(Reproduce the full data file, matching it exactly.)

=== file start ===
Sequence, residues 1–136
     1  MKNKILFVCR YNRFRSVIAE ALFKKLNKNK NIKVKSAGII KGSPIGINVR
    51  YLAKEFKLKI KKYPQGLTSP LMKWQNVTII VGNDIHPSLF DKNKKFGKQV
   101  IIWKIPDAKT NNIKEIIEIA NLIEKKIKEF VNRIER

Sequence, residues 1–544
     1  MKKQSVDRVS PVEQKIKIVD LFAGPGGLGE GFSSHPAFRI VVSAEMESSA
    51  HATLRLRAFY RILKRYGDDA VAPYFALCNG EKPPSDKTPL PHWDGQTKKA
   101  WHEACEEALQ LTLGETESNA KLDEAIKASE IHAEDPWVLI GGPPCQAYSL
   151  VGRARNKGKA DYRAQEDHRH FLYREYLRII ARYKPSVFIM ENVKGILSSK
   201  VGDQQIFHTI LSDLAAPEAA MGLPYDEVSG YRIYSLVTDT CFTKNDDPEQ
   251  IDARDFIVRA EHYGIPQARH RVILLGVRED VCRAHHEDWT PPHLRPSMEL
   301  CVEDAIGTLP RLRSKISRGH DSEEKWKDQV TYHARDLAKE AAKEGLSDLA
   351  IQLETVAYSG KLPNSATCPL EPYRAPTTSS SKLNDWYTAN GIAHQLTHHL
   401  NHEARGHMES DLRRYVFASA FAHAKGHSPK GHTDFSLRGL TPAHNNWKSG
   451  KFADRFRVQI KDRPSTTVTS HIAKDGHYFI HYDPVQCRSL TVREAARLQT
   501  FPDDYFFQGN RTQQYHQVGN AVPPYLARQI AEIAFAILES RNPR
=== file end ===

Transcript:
Sequence, residues 1–136
     1  MKNKILFVCR YNRFRSVIAE ALFKKLNKNK NIKVKSAGII KGSPIGINVR
    51  YLAKEFKLKI KKYPQGLTSP LMKWQNVTII VGNDIHPSLF DKNKKFGKQV
   101  IIWKIPDAKT NNIKEIIEIA NLIEKKIKEF VNRIER

Sequence, residues 1–544
     1  MKKQSVDRVS PVEQKIKIVD LFAGPGGLGE GFSSHPAFRI VVSAEMESSA
    51  HATLRLRAFY RILKRYGDDA VAPYFALCNG EKPPSDKTPL PHWDGQTKKA
   101  WHEACEEALQ LTLGETESNA KLDEAIKASE IHAEDPWVLI GGPPCQAYSL
   151  VGRARNKGKA DYRAQEDHRH FLYREYLRII ARYKPSVFIM ENVKGILSSK
   201  VGDQQIFHTI LSDLAAPEAA MGLPYDEVSG YRIYSLVTDT CFTKNDDPEQ
   251  IDARDFIVRA EHYGIPQARH RVILLGVRED VCRAHHEDWT PPHLRPSMEL
   301  CVEDAIGTLP RLRSKISRGH DSEEKWKDQV TYHARDLAKE AAKEGLSDLA
   351  IQLETVAYSG KLPNSATCPL EPYRAPTTSS SKLNDWYTAN GIAHQLTHHL
   401  NHEARGHMES DLRRYVFASA FAHAKGHSPK GHTDFSLRGL TPAHNNWKSG
   451  KFADRFRVQI KDRPSTTVTS HIAKDGHYFI HYDPVQCRSL TVREAARLQT
   501  FPDDYFFQGN RTQQYHQVGN AVPPYLARQI AEIAFAILES RNPR